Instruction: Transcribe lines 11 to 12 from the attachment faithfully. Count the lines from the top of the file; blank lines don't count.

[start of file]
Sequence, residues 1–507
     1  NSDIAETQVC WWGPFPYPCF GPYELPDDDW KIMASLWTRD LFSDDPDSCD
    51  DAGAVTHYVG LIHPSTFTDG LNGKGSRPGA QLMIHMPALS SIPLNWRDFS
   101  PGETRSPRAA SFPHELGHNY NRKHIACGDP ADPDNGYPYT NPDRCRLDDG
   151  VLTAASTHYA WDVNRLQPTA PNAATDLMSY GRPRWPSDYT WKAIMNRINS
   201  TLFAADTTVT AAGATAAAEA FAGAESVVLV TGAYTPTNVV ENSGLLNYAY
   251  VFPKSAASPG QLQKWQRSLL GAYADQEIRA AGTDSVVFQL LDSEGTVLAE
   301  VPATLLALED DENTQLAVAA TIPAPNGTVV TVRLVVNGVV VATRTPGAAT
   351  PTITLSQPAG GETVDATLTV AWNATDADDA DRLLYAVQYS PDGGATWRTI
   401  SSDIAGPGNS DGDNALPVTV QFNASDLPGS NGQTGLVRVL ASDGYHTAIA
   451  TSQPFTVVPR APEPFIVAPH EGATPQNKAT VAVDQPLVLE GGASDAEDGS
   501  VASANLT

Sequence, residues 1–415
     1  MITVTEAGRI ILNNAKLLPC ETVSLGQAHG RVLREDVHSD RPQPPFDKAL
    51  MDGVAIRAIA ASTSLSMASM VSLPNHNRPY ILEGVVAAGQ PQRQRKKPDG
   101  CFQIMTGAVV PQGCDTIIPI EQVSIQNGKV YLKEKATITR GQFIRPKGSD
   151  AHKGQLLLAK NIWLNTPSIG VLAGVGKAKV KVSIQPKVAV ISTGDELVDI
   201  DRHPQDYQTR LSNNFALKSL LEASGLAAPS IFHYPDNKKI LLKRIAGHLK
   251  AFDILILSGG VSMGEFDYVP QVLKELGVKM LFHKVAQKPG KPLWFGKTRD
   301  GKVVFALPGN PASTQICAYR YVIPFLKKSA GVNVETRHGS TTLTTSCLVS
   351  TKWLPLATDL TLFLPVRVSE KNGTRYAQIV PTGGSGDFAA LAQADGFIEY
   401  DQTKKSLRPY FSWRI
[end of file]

   451  TSQPFTVVPR APEPFIVAPH EGATPQNKAT VAVDQPLVLE GGASDAEDGS
   501  VASANLT